English Teacher Resume Example & Writing Guide

Use this English Teacher resume example and guide to improve your career and write a powerful resume that will separate you from the competition.

If you love working with people, have a passion for language, and enjoy sharing your knowledge with others, teaching might be the perfect career choice for you. And if you’re looking for a job that allows you to work remotely or set your own schedule, English teaching could be the ideal choice.

Before you start sending out resumes and applying for jobs however, you’ll need to build a compelling English teacher resume that will convince hiring managers that you’re the right person for the job. Here are some tips and an example resume to help you do just that.

Mary Thompson
Los Angeles, CA | (123) 456-7891 | [email protected]

Dedicated and enthusiastic English teacher with more than 10 years of experience in the classroom. Proven ability to foster a love of learning in students of all ages and backgrounds. Seeking an opportunity to help students reach their fullest potential as an educator.

San Francisco State University Jun '10
M.A. in English
San Francisco State University Jun '06
B.A. in English
Company A, English Teacher Jan '17 – Current
  • Developed and implemented engaging lessons that focused on the Common Core Standards, differentiated instruction to meet the needs of all learners in my classroom.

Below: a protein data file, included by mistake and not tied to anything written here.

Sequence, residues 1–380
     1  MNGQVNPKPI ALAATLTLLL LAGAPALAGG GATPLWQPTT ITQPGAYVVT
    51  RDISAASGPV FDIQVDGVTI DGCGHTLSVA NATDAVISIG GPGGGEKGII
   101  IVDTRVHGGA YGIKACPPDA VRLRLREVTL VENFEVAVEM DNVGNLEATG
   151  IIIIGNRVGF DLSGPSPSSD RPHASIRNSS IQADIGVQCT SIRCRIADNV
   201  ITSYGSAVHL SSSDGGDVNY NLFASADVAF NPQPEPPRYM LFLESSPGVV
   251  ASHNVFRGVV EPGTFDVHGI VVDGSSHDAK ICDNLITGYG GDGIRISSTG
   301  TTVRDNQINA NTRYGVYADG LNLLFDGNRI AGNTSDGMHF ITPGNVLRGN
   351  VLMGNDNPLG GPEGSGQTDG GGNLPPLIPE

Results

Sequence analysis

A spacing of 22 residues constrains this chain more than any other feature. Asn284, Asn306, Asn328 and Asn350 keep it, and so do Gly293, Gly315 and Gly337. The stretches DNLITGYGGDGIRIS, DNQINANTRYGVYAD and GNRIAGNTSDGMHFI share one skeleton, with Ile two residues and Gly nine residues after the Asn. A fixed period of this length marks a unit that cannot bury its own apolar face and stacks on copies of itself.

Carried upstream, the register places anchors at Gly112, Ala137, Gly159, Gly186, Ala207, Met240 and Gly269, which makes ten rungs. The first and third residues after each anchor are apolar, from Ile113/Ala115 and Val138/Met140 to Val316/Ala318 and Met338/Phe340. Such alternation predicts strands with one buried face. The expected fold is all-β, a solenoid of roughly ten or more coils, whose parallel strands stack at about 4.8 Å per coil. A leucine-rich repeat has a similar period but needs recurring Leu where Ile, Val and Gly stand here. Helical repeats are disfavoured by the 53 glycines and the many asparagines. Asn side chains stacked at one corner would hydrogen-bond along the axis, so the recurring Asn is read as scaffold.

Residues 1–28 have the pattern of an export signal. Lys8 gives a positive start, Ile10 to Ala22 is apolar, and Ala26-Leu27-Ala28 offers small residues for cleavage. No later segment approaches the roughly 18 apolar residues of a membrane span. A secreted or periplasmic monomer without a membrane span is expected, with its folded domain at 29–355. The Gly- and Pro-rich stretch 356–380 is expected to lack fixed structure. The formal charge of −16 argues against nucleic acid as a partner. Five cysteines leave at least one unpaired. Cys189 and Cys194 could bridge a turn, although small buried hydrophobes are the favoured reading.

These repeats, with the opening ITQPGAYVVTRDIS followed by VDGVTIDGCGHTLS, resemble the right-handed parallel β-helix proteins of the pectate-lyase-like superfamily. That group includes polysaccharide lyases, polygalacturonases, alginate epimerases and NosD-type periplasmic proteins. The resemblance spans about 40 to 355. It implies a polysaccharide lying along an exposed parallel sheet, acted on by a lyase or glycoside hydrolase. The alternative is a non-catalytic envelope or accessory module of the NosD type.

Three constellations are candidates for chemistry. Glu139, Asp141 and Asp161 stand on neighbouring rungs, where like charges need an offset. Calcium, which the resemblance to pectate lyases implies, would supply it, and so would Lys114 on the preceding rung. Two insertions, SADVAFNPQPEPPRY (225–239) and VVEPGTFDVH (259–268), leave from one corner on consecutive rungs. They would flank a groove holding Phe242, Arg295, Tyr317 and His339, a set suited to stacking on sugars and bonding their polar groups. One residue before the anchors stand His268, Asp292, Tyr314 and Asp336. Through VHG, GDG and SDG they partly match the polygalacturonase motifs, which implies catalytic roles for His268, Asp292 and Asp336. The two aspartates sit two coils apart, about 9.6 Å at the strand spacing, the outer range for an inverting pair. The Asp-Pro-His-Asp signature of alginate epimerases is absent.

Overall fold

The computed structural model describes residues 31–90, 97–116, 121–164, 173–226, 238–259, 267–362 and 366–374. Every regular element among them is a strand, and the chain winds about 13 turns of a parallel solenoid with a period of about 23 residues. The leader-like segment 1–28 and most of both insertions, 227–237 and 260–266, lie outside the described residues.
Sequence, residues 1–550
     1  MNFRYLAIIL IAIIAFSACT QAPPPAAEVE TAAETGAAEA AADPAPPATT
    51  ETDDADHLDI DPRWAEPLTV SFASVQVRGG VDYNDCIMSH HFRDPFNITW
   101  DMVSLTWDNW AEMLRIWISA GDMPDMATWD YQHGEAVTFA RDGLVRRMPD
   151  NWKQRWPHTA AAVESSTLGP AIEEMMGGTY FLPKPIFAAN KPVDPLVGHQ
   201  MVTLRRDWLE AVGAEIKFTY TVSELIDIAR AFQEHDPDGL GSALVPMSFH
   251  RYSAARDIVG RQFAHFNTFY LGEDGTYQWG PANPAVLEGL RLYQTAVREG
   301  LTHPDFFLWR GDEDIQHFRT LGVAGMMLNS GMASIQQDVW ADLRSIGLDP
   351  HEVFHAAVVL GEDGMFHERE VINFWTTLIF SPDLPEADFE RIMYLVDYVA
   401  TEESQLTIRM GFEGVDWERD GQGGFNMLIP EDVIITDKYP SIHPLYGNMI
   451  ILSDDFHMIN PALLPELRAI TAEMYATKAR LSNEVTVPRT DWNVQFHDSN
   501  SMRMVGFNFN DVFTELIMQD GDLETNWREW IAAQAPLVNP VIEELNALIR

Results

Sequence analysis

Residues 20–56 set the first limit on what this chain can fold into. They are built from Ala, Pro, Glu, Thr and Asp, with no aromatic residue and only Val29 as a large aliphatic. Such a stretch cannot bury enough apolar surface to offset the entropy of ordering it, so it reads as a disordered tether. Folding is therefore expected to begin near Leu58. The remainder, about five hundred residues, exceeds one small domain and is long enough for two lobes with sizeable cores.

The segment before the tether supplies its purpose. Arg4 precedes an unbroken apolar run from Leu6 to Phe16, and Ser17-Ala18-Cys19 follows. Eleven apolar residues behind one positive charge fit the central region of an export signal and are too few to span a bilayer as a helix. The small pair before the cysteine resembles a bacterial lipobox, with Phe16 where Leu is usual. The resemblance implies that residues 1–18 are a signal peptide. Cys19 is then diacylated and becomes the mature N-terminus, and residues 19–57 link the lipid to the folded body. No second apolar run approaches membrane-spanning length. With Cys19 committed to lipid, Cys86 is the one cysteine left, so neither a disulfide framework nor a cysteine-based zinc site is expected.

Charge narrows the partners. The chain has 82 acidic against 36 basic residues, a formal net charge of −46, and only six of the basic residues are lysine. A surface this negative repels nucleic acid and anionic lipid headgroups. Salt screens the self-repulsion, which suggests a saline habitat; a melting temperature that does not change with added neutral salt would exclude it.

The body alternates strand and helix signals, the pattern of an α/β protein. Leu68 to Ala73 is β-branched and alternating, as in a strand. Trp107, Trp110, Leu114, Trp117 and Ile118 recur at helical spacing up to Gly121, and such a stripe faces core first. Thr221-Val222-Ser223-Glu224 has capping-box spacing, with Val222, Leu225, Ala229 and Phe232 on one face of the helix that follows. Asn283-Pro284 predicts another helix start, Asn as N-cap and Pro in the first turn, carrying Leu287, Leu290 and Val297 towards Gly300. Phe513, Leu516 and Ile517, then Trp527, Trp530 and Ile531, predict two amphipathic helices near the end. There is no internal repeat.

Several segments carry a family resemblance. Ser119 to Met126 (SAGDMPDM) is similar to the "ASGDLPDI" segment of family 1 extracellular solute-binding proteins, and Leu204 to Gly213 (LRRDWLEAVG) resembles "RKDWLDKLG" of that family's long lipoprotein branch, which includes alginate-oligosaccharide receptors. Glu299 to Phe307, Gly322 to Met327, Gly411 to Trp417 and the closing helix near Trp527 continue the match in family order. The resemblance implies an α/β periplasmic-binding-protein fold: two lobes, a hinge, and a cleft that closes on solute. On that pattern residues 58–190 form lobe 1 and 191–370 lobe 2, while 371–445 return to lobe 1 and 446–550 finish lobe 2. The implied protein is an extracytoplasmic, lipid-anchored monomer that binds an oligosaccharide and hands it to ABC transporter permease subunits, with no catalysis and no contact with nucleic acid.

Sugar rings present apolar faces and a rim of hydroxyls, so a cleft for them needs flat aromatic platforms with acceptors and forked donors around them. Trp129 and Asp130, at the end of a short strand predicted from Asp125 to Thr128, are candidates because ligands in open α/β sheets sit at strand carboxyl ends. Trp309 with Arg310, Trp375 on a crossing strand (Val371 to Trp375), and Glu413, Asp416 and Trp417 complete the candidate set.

• Collaborated with colleagues to develop a rigorous curriculum aligned with district standards and provided feedback for other teachers’ lesson planning.
  • Assisted students in developing skills necessary for college readiness such as note-taking, critical thinking, collaboration, and problem solving through daily use of technology (iPads).
  • Provided opportunities for students to demonstrate their knowledge through frequent assessments including unit tests, quizzes, homework checks, etc…
  • Maintained a positive attitude towards teaching and learning while maintaining high expectations for student achievement and behavior
Company B, English Teacher Jan '12 – Dec '16
  • Created lesson plans based on the needs of each individual class, including those with special education requirements
  • Implemented a variety of techniques to keep students engaged and interested in learning English
  • Conducted mock interviews for all junior high school classes to prepare them for real-world situations
  • Collaborated with other teachers to create an after-school club that focused on conversational English skills
  • Developed curriculum around current events and pop culture topics to make lessons more relatable and engaging